When I was seven, I found a sparkling lying dead on a beach at the edge of the woods which formed the back boundary of our garden, that the groundskeeper had not yet cleared away. With much excitement, I brought it for my mother to see, but by the time I reached her it had mostly collapsed into ash in my hands. Mama exclaimed in distaste and sent me to wash.
Our cook, a tall and gangly woman who nonetheless produced the most amazing soups and soufflés (thus putting the lie to the notion that one cannot trust a slender cook) was the one who showed me the secret of preserving sparklings after death. She kept one on her dresser top, which she brought out for me to see when I arrived in her kitchen, much cast down from the loss of the sparkling and my mother's chastisement. "However did you keep it?" I asked her, wiping away my tears. "Mine fell all to pieces."
"Vinegar," she said, and that one word set me upon the path that led me to where I stand today.
For nonfiction I have The Secret Rooms: A True Story of A Haunted Castle, A Plotting Duchess, & A Family Secret by Catherine Bailey ...
Two doctors were already at the castle; a third, Lord Dawson, Physician to King George VI, was expected. It was mid-morning on Thursday 18 April 1940 and they were gathered at the entrance to a suite of rooms. The door leading into them was made of polished steel; the color of gunmetal, it was the type used to secure a walk-in safe.
The door was firmly closed.
The light from the dim bulbs along the windowless passage cast pools of inky shadows around the waiting figures. Piles of cardboard boxes were stacked against the bare stone walls. Marked 'Secret–Property of His Majesty's Government', they were secured with steel binding.
For The Friday 56 hosted at Freda's Voice here is a teaser from page 56 of A Natural History of Dragons ...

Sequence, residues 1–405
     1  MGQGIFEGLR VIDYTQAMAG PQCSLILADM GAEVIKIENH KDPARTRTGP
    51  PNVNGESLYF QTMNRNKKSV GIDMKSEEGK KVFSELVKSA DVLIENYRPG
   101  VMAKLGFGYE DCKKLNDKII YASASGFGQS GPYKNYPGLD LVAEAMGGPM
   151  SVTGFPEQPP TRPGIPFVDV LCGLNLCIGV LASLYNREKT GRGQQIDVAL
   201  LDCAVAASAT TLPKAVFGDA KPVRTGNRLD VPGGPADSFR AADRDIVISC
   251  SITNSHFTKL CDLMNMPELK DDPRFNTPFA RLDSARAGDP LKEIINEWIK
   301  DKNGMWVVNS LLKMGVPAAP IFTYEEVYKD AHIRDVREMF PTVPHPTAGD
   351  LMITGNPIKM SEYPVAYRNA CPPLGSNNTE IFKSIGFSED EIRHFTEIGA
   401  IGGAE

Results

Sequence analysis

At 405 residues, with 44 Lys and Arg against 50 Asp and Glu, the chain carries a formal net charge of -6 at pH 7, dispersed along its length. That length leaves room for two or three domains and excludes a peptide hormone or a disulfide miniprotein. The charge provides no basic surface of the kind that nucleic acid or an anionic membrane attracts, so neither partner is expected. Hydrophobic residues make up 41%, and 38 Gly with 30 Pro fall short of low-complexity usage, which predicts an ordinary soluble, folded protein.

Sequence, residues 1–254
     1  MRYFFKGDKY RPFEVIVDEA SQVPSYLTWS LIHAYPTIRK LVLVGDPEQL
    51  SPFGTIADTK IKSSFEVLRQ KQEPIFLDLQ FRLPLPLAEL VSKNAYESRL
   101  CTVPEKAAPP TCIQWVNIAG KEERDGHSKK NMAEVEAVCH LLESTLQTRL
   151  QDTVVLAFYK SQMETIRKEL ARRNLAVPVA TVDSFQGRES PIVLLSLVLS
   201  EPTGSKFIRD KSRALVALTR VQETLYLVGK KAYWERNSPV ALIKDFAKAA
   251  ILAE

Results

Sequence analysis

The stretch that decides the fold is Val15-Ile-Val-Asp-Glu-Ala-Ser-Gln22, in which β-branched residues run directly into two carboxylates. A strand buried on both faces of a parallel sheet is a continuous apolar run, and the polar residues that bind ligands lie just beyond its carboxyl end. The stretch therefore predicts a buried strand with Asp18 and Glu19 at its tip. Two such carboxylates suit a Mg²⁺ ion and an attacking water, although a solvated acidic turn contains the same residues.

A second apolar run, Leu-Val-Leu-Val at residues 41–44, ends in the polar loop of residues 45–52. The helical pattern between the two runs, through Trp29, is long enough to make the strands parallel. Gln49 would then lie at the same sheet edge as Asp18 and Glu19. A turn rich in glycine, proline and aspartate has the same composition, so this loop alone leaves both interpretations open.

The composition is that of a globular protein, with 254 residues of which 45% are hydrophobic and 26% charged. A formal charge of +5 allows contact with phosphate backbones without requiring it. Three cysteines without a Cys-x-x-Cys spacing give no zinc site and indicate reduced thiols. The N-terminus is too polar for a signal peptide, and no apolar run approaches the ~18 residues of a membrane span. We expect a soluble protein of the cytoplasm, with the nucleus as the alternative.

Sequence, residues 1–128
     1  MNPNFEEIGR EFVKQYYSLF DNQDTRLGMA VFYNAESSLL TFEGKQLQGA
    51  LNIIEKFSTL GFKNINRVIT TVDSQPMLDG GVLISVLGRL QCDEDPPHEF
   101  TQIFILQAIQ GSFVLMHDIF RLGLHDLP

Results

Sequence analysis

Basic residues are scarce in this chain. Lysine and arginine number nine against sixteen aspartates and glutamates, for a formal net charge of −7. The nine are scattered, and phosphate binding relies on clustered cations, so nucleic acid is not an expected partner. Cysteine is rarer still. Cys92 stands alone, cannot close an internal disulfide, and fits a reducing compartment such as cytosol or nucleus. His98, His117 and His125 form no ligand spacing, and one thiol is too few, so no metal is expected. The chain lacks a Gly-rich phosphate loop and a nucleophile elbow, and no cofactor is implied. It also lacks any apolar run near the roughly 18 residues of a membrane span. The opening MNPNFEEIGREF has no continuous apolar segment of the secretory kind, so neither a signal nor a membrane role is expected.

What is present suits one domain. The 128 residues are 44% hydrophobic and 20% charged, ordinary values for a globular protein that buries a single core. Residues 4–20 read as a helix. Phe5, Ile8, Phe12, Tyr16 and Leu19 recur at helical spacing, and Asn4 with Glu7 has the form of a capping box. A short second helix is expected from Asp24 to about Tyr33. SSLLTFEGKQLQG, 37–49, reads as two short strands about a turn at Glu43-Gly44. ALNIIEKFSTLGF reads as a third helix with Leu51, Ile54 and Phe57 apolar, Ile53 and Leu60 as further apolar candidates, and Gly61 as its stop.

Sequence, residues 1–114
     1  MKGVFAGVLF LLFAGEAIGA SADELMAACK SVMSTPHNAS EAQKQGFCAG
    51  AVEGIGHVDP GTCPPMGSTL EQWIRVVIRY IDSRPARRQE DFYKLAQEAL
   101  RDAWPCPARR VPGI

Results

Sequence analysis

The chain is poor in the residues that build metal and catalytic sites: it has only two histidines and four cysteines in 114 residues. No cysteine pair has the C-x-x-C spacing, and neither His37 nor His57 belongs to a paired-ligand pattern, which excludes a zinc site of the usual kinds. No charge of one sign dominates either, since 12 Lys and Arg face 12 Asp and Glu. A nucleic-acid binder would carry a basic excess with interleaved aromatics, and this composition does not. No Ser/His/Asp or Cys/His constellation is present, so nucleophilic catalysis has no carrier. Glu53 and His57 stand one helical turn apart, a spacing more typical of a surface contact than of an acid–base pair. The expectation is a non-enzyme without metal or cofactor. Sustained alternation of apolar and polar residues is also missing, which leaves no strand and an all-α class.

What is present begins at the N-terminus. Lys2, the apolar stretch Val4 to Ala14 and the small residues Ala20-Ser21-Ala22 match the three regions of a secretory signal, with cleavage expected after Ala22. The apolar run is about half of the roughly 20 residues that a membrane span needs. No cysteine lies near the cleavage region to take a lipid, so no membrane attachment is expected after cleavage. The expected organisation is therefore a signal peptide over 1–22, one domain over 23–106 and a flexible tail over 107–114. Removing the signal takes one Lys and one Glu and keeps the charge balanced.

Mama was there with him, occupied in polite chatter, but she rose with alacrity when I appeared. "I will leave you two to talk," she said, and closed the doors behind her as she departed.
I was alone in the room with an unmarried man. Had I needed any further proof of what was about to occur, that would have done nicely.
From page 56 of The Secret Rooms ...
'Those rooms are forbidden,' she said, pointing towards them. 'When I was a housemaid here, the housekeeper used to lock us in there while we were cleaning. She used to come back and get us at coffee time. Then we'd be locked back in again.'
'You were locked in? Why?'
'It was to stop us taking anything out,' she said. 'No one went in there.'
'When did you work here?' I asked her.
'In the 1940s and '50s,' she replied. 'Those rooms were sealed. They were sealed after the Duke died.'
This woman seemed to be saying something other than the tour guides who had stopped me earlier. There really did seem to be a mystery attached to these rooms. I look at her. She was in her early eighties and not in costume like the others.
'Which duke?' I asked.
Happy Friday - have a lovely weekend !